Then out of Japan comes news that in response to requirements for energy efficiency there (due to the earthquake earlier this year closing nuclear power plants), Nexsan have come up with new power managed storage systems with in-built MAID capable of supporting any combination of SATA/SAS/SSD drives. Because MAID allows disks to be spun down when not in use, Nexsan are claiming up to 85% savings in energy usage for its systems.

It is true certainly that SSD’s have a shorter lifetime than HDD’s but even this has been given a boost with the recent announcement from IBM that their new Phase Change Memory chips (PCM) will be faster, cheaper and longer lasting than todays SSD’s.

So while Dave, above, feels that there isn’t much innovation happening in the efficiency of storage, I would respectfully differ and say this is very exciting times to be looking into storage energy efficiency!

Photo credit Tom Raftery


Samsung: Solid State Drive’s (SSD’s) are Green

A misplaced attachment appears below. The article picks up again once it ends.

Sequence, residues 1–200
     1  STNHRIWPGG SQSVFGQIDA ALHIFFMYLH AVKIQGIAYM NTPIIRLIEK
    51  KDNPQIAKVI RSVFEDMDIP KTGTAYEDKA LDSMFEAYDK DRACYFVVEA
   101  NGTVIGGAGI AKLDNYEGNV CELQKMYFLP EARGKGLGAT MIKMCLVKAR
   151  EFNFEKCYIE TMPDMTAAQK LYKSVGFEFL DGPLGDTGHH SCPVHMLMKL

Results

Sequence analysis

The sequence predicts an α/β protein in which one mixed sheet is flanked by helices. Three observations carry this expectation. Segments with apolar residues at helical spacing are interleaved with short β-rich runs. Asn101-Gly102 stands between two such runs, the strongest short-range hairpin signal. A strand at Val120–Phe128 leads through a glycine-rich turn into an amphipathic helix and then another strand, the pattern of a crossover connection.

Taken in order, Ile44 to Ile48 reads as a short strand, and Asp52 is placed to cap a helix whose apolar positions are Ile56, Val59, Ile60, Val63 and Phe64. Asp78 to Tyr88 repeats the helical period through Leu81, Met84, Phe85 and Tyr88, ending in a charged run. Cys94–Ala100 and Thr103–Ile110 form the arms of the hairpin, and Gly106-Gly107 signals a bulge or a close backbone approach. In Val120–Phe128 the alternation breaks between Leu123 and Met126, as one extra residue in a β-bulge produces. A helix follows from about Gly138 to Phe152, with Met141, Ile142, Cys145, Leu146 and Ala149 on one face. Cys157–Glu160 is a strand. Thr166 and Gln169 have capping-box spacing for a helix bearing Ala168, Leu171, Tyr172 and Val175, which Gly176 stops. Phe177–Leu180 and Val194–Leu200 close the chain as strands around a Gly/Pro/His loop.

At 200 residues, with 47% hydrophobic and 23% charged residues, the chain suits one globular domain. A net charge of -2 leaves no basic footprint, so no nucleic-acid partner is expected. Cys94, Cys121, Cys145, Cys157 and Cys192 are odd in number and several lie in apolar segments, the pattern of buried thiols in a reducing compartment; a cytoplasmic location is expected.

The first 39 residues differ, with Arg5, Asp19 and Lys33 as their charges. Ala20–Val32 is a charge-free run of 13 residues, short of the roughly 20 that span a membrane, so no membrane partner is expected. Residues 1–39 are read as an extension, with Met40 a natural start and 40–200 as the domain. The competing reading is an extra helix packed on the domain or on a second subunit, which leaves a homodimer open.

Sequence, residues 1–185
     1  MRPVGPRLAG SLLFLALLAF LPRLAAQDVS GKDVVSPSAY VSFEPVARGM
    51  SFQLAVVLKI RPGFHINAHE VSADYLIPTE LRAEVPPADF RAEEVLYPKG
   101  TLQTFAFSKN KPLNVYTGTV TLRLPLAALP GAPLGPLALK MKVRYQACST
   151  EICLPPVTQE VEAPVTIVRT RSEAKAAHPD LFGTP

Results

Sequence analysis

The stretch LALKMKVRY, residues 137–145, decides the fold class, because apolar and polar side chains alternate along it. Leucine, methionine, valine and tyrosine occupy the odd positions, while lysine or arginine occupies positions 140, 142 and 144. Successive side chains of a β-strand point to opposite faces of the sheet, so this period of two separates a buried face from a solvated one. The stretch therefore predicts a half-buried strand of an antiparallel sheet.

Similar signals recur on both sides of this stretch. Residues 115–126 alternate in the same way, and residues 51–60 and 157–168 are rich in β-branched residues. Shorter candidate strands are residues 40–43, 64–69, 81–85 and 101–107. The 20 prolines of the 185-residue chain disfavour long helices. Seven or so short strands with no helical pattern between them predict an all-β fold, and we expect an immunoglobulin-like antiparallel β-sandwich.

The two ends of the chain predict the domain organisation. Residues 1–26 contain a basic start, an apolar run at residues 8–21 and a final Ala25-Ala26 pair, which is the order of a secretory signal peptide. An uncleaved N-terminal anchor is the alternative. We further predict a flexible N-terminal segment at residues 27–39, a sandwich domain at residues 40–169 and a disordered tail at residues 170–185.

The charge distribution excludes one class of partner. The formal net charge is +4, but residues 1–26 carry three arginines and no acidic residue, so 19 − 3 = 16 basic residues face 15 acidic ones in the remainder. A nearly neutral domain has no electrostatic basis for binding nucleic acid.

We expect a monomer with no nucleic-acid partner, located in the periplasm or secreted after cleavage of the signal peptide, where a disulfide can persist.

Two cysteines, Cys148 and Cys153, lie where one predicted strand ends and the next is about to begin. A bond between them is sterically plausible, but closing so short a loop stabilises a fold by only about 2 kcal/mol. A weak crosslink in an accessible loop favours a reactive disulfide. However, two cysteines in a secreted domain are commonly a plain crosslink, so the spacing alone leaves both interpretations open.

Samsung have an interesting section on their GreenMemory site about Solid State Drives and how they are considerably Greener than traditional HDD’s.

This rings true with me because my own laptop has an SSD instead of a HDD and I find that it out-performs my desktop for some applications, it runs cold (and quiet as it doesn’t need a fan) and the battery life is better than any laptop I have owned to date.

I caught up with them at the recent Sapphire Now conference where they kindly led me through a demo, showing exactly how much better SSD’s perform compared to HDD’s..

Here’s a transcription of the demo:

Tom Raftery: Hi, everyone! Welcome to GreenMonk TV. I?m at the Sapphire Now conference in Orlando and I?m with Steven Peng from Samsung. Steven is demoing a new way of looking at SSD?s, solid-state disks and some interesting metrics around the solid-state drives. Steven can you tell me why you are telling me that solid-state drives are Green?

Steven Peng: Yes, solid-state drive doesn?t have a moving part by nature, you can save more power of a traditional hard disk drive and you can say that?s the reason that it is Green.

Tom Raftery: Okay. So you have numbers here, you can talk to around that both in terms of cost and in terms of throughput. Can you talk us through some of those?

Steven Peng: Of course, welcome to our Green SSD versus HDD demo. And a lot of people state the SSD you get cost, it?s too high compared to current technology hard disk drive. However, if you look at a system cost, it actually is the cheapest cost in delivering the performance needed in systems.